Destroyer of Light
Jenn Marie Brissett
Hardcover / Ebook
Tor Books, October 2021, 304 pages
I’ve written book reviews for Lightspeed Magazine since 2017, and with a sad heart, I announce that this will be my last column. I’ve enjoyed my time sharing wonderful books here, and I’m glad to end my time with a doozy of a book, Destroyer of Light by Jenn Marie Brissett. This is a retelling of the Persephone story, but do be warned that it contains abduction and rape.
The story is told through several characters. Cora, a teenage girl with unusually colored eyes, who is kidnapped along with children from her village to be forced into an army. Deidre, Cora’s mother who unsuccessfully tries to get the government to get Cora and the children back. Okoni, a man possessed by fourteen spirits who is attempting to build an army to fight against the krestge, an alien race who nearly wiped out humans. Jown and Pietyr, a pair of unusual twins who are commissioned to find another kidnapped child. And finally, the Lattice, a personified cloud network which only Cora and other people like her can access.
The story skips between Cora in the past, trying to keep her sanity as horrible things are done to herself and her friends, and Cora in the present, a young woman now sent by Okoni to perform a horrific mission. Her story is a very hard read as it deals with the realities of child soldiers, along with Cora being taken by Okoni as his “wife” after he recognizes her strange abilities to access the Lattice. Her story in the present runs parallel to the twins as they conduct their search for the kidnapped child who happens to have the same abilities as Cora. In fact, their stories intersect with Cora’s far more than they know.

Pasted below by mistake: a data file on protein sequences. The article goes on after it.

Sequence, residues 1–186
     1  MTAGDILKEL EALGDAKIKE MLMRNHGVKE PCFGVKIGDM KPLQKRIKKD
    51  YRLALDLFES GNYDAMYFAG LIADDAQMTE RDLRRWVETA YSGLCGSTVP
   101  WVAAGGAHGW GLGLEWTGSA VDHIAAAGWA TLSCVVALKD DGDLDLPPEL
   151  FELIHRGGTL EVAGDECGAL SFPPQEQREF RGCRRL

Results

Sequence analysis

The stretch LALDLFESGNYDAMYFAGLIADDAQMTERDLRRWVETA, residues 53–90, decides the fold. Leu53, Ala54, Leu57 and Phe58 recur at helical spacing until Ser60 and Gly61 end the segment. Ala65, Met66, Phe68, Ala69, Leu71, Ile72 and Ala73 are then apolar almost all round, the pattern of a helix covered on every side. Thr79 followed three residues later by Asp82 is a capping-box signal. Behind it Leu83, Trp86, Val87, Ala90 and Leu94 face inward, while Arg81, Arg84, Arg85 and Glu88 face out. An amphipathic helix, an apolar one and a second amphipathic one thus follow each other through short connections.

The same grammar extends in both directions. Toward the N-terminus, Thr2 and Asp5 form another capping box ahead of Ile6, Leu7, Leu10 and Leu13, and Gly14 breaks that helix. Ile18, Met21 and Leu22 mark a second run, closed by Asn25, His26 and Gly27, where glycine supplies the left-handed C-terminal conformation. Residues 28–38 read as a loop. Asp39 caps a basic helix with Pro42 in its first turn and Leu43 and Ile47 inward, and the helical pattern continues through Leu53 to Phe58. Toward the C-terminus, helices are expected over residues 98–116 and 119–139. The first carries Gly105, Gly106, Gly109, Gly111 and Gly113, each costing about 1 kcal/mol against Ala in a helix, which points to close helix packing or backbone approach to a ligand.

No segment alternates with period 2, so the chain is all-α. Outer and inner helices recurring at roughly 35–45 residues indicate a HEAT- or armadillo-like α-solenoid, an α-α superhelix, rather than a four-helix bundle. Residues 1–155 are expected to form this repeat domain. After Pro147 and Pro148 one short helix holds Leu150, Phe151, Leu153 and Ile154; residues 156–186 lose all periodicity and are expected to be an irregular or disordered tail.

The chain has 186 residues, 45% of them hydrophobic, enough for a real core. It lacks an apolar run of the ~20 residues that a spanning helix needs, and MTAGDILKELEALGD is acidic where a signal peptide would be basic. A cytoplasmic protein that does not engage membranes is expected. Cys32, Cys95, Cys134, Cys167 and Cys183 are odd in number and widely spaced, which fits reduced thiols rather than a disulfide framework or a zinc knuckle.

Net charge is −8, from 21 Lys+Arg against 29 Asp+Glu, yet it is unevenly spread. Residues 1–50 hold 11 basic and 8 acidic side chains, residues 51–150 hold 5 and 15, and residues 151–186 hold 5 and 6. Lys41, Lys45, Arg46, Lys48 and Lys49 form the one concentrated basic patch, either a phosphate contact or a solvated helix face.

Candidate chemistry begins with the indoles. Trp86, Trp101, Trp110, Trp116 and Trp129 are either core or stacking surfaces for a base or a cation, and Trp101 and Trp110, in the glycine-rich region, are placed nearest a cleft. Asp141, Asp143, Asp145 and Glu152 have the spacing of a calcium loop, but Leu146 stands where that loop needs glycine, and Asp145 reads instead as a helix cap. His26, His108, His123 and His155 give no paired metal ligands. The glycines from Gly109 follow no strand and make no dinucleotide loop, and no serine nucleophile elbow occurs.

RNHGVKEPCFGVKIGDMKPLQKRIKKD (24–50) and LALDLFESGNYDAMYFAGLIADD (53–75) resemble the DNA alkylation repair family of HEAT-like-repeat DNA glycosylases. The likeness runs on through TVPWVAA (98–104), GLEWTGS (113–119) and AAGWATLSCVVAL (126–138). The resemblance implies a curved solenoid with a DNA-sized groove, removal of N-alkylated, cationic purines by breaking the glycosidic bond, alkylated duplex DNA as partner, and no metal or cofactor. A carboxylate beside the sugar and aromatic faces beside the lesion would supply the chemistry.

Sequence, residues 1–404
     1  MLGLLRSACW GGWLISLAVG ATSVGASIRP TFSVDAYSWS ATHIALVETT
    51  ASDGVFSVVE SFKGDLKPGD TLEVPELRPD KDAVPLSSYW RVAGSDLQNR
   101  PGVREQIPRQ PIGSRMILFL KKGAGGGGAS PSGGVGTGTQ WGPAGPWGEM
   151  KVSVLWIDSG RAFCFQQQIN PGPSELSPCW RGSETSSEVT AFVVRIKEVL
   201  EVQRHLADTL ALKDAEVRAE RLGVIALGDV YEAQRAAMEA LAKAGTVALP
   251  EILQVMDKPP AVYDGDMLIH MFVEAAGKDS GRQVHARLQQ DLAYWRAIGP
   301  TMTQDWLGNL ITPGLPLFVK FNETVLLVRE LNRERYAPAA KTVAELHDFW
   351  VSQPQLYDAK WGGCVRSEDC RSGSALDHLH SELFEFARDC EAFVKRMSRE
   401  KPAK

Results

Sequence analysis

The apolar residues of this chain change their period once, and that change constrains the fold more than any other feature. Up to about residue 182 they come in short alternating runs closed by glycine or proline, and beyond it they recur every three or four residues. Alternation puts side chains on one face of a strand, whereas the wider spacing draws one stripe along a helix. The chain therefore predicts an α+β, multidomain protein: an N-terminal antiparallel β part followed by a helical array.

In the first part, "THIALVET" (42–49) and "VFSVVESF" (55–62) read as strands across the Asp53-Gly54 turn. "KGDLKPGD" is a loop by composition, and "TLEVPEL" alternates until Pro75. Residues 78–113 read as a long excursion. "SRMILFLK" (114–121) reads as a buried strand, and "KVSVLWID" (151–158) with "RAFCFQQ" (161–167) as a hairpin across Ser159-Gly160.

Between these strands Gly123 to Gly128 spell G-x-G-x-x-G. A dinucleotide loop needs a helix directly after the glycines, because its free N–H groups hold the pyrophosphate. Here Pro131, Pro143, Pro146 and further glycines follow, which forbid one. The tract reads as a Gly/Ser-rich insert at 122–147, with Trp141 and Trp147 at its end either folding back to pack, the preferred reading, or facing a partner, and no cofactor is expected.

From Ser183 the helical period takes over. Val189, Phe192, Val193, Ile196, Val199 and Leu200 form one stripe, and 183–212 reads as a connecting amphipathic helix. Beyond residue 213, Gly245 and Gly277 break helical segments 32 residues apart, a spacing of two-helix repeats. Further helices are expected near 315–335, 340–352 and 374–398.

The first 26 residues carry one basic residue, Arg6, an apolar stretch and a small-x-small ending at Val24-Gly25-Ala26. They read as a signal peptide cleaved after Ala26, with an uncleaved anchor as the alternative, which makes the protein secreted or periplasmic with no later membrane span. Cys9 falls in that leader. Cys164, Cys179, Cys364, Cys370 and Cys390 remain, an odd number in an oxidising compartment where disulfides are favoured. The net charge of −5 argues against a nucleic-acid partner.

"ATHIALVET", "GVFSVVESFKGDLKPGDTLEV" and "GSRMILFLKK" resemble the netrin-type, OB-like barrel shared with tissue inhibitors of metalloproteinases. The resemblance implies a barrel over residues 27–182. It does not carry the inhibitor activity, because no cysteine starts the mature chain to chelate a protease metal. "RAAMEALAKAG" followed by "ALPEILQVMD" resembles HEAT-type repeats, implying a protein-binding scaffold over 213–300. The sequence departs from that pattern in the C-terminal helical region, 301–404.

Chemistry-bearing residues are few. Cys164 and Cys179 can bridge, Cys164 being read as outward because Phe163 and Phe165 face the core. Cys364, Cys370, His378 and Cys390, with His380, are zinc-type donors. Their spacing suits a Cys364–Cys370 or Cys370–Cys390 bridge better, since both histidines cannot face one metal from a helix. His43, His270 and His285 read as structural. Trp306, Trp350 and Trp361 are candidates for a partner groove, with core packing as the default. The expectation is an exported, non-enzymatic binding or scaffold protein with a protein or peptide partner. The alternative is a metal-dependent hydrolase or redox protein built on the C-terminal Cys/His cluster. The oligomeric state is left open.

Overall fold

We think of heroes as people outside of ourselves who swoop in as saviors, when in reality heroes are powerless people who have gone through so much horror, yet are able to prevent someone else from experiencing the same trauma. Cora goes through so many horrible things that at times, I forgot that this was a retelling of the Persephone story. There are some bits of respite. The scenes with the twins reminded me a little of the detective agency YA novel The Eye, the Ear, and the Arm. We see Cora’s mother never give up her desire to find her daughter, and we get to see Cora wrestle with her programming as she interacts with the krestge.
Like E. Lily Yu’s On Fragile Waves, Destroyer of Light is a hard but necessary read. One that doesn’t promise a happy ending, but it does promise a hopeful one, even if it is bittersweet.
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